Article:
Patching a broken social scene

The Williams party scene is broken. A good party draws a crowd and gets loud, but, at Williams, as soon as good party gets underway, it gets discovered and shut down. The very characteristics of success breed failure. This situation that has left students and party planners frustrated is dismal, but by no means a lost cause.

Those involved at all levels of party operations – from the head honchos at Campus Safety and Security down to the drunk partygoer – must make the efforts necessary to lift the social scene out of this insidious catch-22. Continued and thorough consideration of the pitfalls of certain venues, increased communication with community members, and a positive attitude are all key elements to harnessing the energy of recent weekends and throwing successful and lasting events.

It can’t be denied that the available venues for parties and concerts are far from ideal. Holding concerts and First Fridays in dining halls is a throwback to high school or even middle school. But we simply don’t have that ideal all-purpose space with sound-proof walls and enough room for Williams weekenders, and we probably will never get one. Especially considering the fact that the College’s sustainability commitment mandates the addition of no more floor space after 2011, when the Stetson-Sawyer project is completed, party planners must make the most of those spaces on campus that we already have instead of lamenting the lack of a dream locale.

Just because we don’t have the dream locale doesn’t mean we can’t throw successful parties with those we have, however. Lasell Gymnasium, for instance, has not seen much action besides poster sales and Purple Key and study abroad fairs, but as an event space it has potential. It may not be a superdome, but its large interior and central location make it a viable option for those larger parties students seem to be craving recently. Granted, the $175 required to cover the old floorboards for non-athletic events can be prohibitive, but we’d hope those planning on throwing such large parties would have the funds to overcome this financial hurdle.

The return of Goodrich Hall next fall will add another popular venue back on the list. Although the wait-it-out method doesn’t seem like an especially favorable solution to party woes, it helps to know that the beloved home to First Fridays will be making a triumphant return this fall.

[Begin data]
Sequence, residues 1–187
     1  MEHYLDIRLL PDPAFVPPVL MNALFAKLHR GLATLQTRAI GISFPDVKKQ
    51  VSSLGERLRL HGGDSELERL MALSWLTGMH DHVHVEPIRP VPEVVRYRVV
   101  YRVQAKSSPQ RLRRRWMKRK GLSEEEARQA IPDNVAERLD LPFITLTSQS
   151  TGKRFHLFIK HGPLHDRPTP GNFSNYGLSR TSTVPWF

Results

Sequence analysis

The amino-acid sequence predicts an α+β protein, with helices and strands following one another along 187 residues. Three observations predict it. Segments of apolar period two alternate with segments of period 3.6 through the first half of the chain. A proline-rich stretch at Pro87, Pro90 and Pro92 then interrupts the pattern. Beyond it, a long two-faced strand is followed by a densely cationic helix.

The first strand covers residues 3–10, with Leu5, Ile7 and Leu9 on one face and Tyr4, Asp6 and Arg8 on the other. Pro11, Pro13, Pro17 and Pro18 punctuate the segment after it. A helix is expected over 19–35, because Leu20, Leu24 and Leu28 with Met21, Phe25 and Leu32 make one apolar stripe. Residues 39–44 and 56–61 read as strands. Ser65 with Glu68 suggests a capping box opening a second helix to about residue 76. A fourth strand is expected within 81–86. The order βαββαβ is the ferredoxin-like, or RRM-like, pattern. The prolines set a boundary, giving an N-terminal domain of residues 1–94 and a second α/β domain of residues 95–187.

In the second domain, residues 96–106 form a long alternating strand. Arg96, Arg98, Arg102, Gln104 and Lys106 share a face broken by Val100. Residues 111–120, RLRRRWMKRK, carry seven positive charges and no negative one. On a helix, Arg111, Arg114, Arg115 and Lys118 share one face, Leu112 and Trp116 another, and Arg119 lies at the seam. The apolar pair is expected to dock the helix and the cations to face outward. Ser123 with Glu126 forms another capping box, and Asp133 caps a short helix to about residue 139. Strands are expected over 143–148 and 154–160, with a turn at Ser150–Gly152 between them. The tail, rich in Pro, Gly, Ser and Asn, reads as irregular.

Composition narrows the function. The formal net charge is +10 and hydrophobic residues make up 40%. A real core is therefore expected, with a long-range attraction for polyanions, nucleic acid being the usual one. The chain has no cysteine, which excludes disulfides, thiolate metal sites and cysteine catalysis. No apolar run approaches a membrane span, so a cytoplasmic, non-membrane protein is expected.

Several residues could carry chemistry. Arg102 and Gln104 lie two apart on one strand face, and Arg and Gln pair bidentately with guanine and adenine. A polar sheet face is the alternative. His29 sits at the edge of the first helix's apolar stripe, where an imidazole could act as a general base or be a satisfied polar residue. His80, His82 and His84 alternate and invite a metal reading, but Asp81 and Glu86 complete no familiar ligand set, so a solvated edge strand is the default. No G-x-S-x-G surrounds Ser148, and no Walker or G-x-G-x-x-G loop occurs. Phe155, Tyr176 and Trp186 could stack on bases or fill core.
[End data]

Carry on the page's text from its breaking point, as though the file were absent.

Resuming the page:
The problem is that we want parties, and we want them now. Seniors, who can’t afford to wait until the next school year, have the right to be a little indignant. For those looking for immediate social gratification tent parties provide an alluring, albeit problematic alternative venue. Indeed, recent evidence suggests that tent parties are a lost cause. After all, it only takes the phone calls of a few angry neighbors (or one angry neighbor phoning in several times) to cause tent party break-up.

These party-ending complaints are frustrating for us, as we attempt to head outdoors at the first signs of warm weather. Yet while it seems somewhat absurd that one of Saturday’s noise complaints came from a residence 1.6 miles from Poker Flats, simply demanding that neighbors put up with our ruckus will get us nowhere. There will always be those more apt to making the fatal call to WPD. Instead of expecting our neighbors to change, we must be willing to make concessions.

Recent evidence suggests that even if not fool-proof, careful planning can considerably prolong outdoor parties. Matt Koven ’09, the student planner in charge of TogaSpank, visited and handed out fliers to 200 homeowners around Poker Flats and thus built up credibility with nearby residents and security forces. Ultimately the party was broken up but his consideration ensured that Security did not shut down the party until Williamstown police had received five noise complaints. Normally it takes only two to put a premature end to students’ revelry.

Like Koven, party planners should considerately inform Williamstown residents who live within earshot of their party that it may be audible to them and request their mutual consideration before calling the police. Whether by going door-to-door, making calls or distributing flyers, students could increase interaction with community members, which might at least make the neighbors think twice before phoning WPD.

Despite this and despite the slack cut by WPD and Security, TogaSpank still ended far too early for many eager party-goers. To combat this, students can start potentially loud outdoor parties earlier. As long as the neighbors are voluntarily awake, they probably will not call to make noise complaints. After midnight, as they try to go to sleep, their complaints become more valid and understandable. Although late-night hours are generally more conducive to successful parties, an early party is better than no party at all.

Without resigning ourselves to an unstable social life, we must still remember what we all knew when we came here: Williamstown is not a party village, and Williams College is not a party school. The nature of the beast, nonetheless, need not preclude amazing weekends, just so long as Williams people keep their heads on about it. And, while not a recipe for party-scene revival, communication, consideration, careful planning and a willingness to try underused venues may indeed foster the seemingly impossible: large social gatherings at Williams.

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